Mail-in Ballot Attack

Ampersand lives in Oregon, which does its voting entirely by mail. On Monday -- the day a lot of Oregon voters got their ballots -- someone knocked over Ampersand's "No on 36" sign and stole his mailbox, presumably hoping to get his ballot and prevent him from voting "no" on Amendment 36. In fact, he'd happened to receive his ballot the previous Saturday, but it could easily have worked.

From "Alas A Blog"

On Monday, someone came into our yard, knocked over our "No on 36" sign, and stole our mailbox (with Monday's mail inside it).

I doubt this was just random vandalism; Oregon mailed out voter ballots last week (Oregon does the vote entirely by mail), and a huge number of Oregonians got their ballots on Monday. So I think someone grabbed our mailbox and ran hoping that they'd get our ballots and thus keep us from voting against measure 36.

I doubt this was part of any widespread effort. Surely anyone doing it on a large scale would get tired of hauling off mailboxes, and just steal the mail inside. It's also hard to avoid getting caught, since you have to steal the mail during the day -- after it's delivered but before the resident comes home to get it.

Still, it is interesting how the predictably timed mailing of ballots, and the prevalence of political lawn signs, enables a very narrowly targeted attack.

Posted on October 29, 2004 at 2:12 PM • 6 Comments

Comments

Israel TorresOctober 29, 2004 3:29 PM

this is a prime example of how simple the mechanisms in play are with almost anything done on a mass scale. This includes drivers licences, social security cards, credit cards, receiving boxes of checks, packages (ups/fedex)... the original design was to make it easy not secure. So when someone puts it together that it really is this easy to screw over "a system", and maybe even "the system" and that opportunity presents itself to benefit the exploiter then it is an action hard to deny oneself. Sure, it doesn't make it right. But perhaps it shouldn't be made to make it so easy. And enter catch-22.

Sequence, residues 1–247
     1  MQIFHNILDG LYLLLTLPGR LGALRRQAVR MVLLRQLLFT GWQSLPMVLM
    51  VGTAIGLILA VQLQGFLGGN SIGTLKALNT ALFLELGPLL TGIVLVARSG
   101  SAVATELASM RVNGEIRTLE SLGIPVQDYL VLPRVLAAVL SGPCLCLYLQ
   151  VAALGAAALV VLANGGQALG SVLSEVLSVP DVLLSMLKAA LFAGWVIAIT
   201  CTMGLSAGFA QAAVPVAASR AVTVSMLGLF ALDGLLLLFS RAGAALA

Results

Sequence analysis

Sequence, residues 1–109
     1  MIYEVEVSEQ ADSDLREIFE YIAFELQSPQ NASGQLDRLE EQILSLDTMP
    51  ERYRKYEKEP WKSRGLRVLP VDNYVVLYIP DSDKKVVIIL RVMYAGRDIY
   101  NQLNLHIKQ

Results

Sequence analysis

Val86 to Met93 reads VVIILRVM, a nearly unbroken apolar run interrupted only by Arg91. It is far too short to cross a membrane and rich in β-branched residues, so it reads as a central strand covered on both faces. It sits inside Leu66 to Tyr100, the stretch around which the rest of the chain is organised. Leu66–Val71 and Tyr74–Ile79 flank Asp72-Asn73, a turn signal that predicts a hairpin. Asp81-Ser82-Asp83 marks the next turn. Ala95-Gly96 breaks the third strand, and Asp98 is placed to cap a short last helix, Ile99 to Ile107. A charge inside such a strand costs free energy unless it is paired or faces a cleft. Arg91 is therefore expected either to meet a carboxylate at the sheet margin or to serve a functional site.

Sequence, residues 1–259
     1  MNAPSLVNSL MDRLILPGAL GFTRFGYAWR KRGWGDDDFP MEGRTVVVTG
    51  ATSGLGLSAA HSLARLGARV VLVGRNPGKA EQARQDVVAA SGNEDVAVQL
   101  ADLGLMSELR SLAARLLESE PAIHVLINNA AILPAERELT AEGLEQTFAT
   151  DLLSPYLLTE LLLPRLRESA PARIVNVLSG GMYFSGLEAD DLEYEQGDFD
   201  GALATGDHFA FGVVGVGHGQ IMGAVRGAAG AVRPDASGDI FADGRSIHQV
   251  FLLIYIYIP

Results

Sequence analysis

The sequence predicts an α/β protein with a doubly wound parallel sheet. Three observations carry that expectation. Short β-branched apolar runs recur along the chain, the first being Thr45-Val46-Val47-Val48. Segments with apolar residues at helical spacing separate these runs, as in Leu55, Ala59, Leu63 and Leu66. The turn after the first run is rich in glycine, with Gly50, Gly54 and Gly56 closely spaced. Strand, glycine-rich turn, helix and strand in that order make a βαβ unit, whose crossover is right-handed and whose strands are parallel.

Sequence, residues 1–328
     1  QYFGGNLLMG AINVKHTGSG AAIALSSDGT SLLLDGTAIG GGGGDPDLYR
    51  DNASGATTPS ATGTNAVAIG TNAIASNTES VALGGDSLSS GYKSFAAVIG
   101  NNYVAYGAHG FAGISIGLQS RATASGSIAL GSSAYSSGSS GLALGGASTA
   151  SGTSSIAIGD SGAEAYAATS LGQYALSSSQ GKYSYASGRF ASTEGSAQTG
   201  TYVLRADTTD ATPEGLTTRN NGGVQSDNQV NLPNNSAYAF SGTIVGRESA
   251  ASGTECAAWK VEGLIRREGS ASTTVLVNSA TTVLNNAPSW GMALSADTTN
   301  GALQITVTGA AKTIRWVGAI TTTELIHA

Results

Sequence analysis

Israel Torres

Tim MadduxOctober 30, 2004 8:50 AM

Oregon county election officials will mail a replacement ballot to you if you call them, or you can go to the county election office and pick it up. Which is a hassle, but not as lousy as having your mailbox stolen.

daveeNovember 1, 2004 6:10 AM

It always amazes me that mailboxes are *outside* the confines of the house in many places in the US. We have a 'letterbox' here in the UK and this means that all post comes straight into the house on delivery. *grins*

Randall SmithNovember 1, 2004 1:56 PM

I agree with davee that residential mailbox security is amazingly lax in the U.S. Most suburban mailboxes don't even lock, leaving both incoming and outgoing mail wide open to thieves (as far as I can tell, they basically are designed solely to keep the mail from blowing away!).

I was actually happy to live in a high-density residential area where we have a joint mailbox at the end of the street which is locked (the mail carrier has a master key that opens the whole thing to put in the mail, and the residents have individual keys that open up individual boxes). However, last weekend someone took a crowbar to the box, pried it open, and stole everyone's mail. The Post Office said there had been several similar attacks that morning, so evidently it was a ring of some kind.

It seems like the USPO is way behind the curve on this problem, and needs to be advancing both procedures and products (locking boxes for individual residences, e.g.) to secure the transfer of mail between carrier and recipient.

KayNovember 5, 2006 3:05 AM

I'm with the British. The only way to actually stop the theft is to have the mail carrier put the mail through the door slot. We used to do this, once upon a time. It was switched to mailboxes at one point and then switched to the mass lockboxes. All this was done for the convenience of mail carriers. While I appreciate that, I think if we are going to leave mail theft as a federal offense, than we should focus on the process being secure, instead of convenient. FYI - the lockboxes are a favorite target of mail thieves because they can swipe masses of mail in one fell swoop. It's a common theft problem. I moved to a townhome complex when I downsized my home. Every few weeks there is a message from the mail carrier saying that the boxes were found open. I have used my key to open my box and had the whole thing swing open. So, it's either home delivery through the slot or we all have to drive down to the Post Office for one of their boxes - and you have to pay for those...

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